A short while ago, I asked you (and the rest of the Speed Secrets Weekly subscribers) if you had any questions you wanted answered here. I got lots! The one question that was asked more than any other, though, was: "How do I know when I’m driving the limit (and how do I know when I’m not)?" That is a BIG question! I’m going to take this issue of Speed Secrets Weekly to share some thoughts on the topic. Enjoy! — Ross
“How do I know when I’m driving the limit?” If that’s not the BIG question, then I don’t know what is!
My goal for this article is to answer this BIG question in the most concise and useable manner possible. But keep in mind this is not only a BIG question, but a BIG topic.
Let’s start with a quick recap of what “the limit” is. Looking at the graph below of slip angle versus traction, you can see that a tire builds grip as it slips a little, peaks, then begins to lose traction. The shape and peak of this curve is different for every type and size of tire, but the basic characteristics are the same – the tire gains grip the harder it’s pushed until it peaks and begins to taper off. A high performance tire, such as a racing tire, will typically have a higher limit, but will be less progressive, and therefore the grip will taper off quicker; a lower performance tire will have lower limits, but a flatter peak. In other words, it’ll be more progressive.
You can substitute g-forces for slip angle in a comparison against traction, too, and the graph will look very much the same as above: tire grip builds and then relaxes.
You feel that, right? You feel the g-forces build and then taper off or relax. You know, at a gut level, that tires work this way – they gain grip the harder you drive, but eventually relax their traction. And most important, you know that once a tire reaches its limits, it doesn’t immediately lose all grip. It’s not like you go from lots of grip to absolutely no grip. Instead, it gradually tapers off.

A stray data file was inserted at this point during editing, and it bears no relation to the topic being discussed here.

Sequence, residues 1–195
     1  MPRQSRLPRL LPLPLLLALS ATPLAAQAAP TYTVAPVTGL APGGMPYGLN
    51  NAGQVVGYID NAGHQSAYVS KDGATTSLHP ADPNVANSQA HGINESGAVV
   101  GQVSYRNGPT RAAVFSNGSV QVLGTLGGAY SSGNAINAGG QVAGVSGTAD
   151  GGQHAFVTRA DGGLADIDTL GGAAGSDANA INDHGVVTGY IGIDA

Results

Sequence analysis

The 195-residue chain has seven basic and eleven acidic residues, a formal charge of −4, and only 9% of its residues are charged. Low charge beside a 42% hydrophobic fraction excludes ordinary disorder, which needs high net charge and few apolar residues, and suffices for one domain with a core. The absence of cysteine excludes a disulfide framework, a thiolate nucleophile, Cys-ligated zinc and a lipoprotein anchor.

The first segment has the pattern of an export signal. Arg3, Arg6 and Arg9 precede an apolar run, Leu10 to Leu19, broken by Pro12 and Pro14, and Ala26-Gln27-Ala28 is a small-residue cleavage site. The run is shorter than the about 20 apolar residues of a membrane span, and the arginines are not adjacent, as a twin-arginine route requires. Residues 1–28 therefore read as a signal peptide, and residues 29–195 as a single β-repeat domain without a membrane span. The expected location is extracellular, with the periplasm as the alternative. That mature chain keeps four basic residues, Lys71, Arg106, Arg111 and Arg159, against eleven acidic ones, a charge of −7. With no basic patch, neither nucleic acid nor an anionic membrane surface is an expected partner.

You hear it, too. Tires sound different at different points along this graph. Squeal may be too much. Howl may be close to limit. No sound may be below. You need to calibrate the sound you hear to what you feel. Some drivers will say they can’t hear their tires. That may be true with a very loud engine or tires that don’t make as much noise as others, but in most cases, when these drivers really focus on what they can hear, the sound of the tires is evident.
You sense yaw visually. If you’re looking way ahead and your car begins to yaw or rotate (think of this as looking directly down on your car from above, and it rotates around the center point of your car), what you see on the horizon will change dramatically. And that gives you a hint of how close you are to the limit. Then, when you calibrate what you see with what you feel and hear, you’ll become more sensitive to where the limit is.
Of course, the only thing holding your car on the track surface are your four tires, and that’s why the understanding of your tires’ characteristics is so important. And you can see that with experience, and deliberate practice of sensing what you feel, hear, and see, you’ll develop the ability to know how close your car is to the limit.
You can sense the limit, but you can also raise or lower the limit. It’s not just sensing and driving the limit, it’s managing the car to maximize the limit. See, it’s one thing to drive the car at the limit, and it’s another to manage the car – weight transfer, angle/direction, application of controls – to maximize the limit. Let me explain it this way: If I come up to a corner, abruptly release the brakes, quickly crank the steering wheel, then slam down on the throttle, the car will be at the limit – but a lower limit than if I did all of that smoothly. It is a limit, but not the limit.
And, just when you think you’re driving your car at its limit, you might find that someone else can hop in it and go a little faster. You may have been driving at a limit, but not the limit, because you didn’t have your car balanced in a way to maximize traction.